Nail Fungus in Fingernails & Toenails
Fingernail fungus, or Onychomycosis, is more common than you may think, now seen more often in women than men. What was once an unheard-of ailment, is now a problem that anyone frequenting a salon for professional manicures (and pedicures) needs to be concerned with. Although not all cases are contracted from a salon, they certainly contribute if they do not properly clean and sterilize their tools.
Nail fungus is contagious, but not highly. The fungus is most often seen in wet, warm areas such as showers, bathtubs, swimming pools, and locker rooms and anywhere people walk with their feet exposed. This makes the fungus more common in toenails than fingernails.
Keep your nails clean and dry. Dry your hands and feet thoroughly after washing. Keep it simple and cut your nails straight across, not too short. Cotton socks and shoes allow proper ventilation and absorption of moisture.
Fungus can also be found on tools used at home or in salons for manicures. Items such as fingernail files, tweezers, cuticle pushers can all harbor bacteria, so clean and dry your home tools thoroughly and select your nail technician carefully. Ask him or her about their hygiene and sterilization methods.
A typical fungal infection of the fingernails or toenails is recognized by a discoloration of the nail, characterized with white or yellow, or brown spots. Other symptoms include deterioration of the nail, cracks, discomfort, foul odor, and possible separation of the nail from the nail bed.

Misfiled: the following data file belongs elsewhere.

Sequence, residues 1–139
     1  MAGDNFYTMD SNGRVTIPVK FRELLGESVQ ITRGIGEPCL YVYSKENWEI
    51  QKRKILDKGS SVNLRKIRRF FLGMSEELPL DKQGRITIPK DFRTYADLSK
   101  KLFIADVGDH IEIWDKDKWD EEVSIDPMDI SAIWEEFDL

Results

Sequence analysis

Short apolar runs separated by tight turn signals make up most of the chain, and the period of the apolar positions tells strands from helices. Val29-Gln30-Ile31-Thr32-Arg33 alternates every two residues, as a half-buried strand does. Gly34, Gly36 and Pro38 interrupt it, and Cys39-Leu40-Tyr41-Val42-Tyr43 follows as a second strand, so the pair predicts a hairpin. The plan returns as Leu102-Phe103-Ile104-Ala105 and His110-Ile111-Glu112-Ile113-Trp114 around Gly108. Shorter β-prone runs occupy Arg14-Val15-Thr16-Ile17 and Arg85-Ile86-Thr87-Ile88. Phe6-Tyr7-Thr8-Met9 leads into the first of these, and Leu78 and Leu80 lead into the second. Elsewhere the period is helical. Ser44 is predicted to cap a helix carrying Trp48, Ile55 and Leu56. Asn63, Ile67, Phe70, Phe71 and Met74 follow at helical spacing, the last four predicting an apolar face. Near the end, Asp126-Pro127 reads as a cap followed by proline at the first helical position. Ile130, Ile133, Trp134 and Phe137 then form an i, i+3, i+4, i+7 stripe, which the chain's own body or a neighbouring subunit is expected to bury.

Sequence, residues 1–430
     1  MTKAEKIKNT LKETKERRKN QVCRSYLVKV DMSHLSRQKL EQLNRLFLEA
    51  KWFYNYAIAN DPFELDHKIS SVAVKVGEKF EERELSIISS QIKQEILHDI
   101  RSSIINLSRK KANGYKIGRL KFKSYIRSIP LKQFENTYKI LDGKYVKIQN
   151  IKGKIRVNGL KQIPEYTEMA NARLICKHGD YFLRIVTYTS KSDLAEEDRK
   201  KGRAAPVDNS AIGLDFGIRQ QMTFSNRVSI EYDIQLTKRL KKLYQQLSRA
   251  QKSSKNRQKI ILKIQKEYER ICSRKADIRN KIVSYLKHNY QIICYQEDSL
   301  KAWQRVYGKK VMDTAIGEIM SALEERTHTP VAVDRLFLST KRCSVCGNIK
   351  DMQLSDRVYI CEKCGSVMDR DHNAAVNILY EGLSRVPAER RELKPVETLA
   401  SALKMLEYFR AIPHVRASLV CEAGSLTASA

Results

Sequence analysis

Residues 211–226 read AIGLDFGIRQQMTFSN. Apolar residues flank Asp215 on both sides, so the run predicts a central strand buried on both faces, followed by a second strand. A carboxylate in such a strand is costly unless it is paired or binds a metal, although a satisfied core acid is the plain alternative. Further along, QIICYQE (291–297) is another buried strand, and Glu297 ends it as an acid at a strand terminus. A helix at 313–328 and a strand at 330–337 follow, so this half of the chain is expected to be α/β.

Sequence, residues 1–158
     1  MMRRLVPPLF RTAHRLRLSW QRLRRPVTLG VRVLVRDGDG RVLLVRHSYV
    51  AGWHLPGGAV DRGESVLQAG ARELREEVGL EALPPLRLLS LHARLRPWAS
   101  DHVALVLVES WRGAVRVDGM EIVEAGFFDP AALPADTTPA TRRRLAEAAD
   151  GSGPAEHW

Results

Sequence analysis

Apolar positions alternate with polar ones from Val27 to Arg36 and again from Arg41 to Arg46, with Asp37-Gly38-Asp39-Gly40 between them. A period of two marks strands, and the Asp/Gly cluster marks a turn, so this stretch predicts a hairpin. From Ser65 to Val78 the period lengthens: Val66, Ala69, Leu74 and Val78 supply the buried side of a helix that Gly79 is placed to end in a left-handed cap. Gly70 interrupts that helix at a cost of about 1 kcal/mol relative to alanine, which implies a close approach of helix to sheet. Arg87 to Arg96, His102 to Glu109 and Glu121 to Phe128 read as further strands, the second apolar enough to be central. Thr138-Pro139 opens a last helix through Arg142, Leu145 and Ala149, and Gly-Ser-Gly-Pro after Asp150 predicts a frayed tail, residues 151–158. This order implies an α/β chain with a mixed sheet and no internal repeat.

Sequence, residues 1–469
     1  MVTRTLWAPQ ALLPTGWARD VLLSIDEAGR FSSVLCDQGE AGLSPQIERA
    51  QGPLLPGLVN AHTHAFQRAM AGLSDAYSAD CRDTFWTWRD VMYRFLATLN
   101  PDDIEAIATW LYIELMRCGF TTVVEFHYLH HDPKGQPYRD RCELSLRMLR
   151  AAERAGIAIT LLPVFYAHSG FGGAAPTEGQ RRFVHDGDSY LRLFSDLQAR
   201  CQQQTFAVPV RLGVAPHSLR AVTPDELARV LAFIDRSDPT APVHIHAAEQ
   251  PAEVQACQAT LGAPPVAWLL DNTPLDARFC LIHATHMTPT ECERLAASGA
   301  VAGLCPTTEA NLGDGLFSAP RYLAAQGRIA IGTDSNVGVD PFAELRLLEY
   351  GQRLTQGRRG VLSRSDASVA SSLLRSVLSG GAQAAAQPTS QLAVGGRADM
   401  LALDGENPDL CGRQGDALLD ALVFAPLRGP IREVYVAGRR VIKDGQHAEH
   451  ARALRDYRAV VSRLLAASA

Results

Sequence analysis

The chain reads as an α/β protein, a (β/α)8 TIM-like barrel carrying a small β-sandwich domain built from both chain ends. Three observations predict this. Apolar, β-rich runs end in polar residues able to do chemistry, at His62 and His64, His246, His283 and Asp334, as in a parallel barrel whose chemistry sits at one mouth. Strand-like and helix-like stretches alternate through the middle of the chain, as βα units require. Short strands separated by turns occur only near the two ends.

Those with athlete's foot often notice fungus in their toenails as well as their feet. Their toenails may thicken up, causing unpleasant pressure when putting on shoes or walking in them.
Treatment for Nail Fungus
Fungal infections usually do not go away unless attended to. Of course, preventative measures are the best way to avoid fungus, but once you're showing symptoms, begin treatment as soon as possible.
There are many over-the-counter products that can be purchased for eliminating fungus and bacteria. Anti-fungal creams can be applied directly to the nail and are generally inexpensive. For feet, medicated, anti-fungal powder absorbs moisture and can be used in addition to the creams.
Natural, home remedies include distilled vinegar, vitamin E oil, Vicks Vaporub®, tea tree oil, and peroxide. Some believe these products cure nail fungus completely while others are quite skeptical. While none of these remedies have been a proven cure, tea tree oil seems to be the most helpful, and it's often contained in topical ointments.
Keep in mind that you won't be able to get rid of the fungus overnight. Fingernails and toenails are tough material and are difficult to penetrate. You'll most likely see results after applying the solutions diligently, and after the nail begins growing out.
Visit your doctor, who can take a sample and have it examined for fungi or other infections. He or she will probably prescribe an oral medication, such as Lamisil® tablets. Of course, there can be side-effects and this must be monitored. There are no guarantees and nail infections can return after they're abolished.
*This page is provided as an information resource and is in no way intended to be a substitute for professional or medical advice.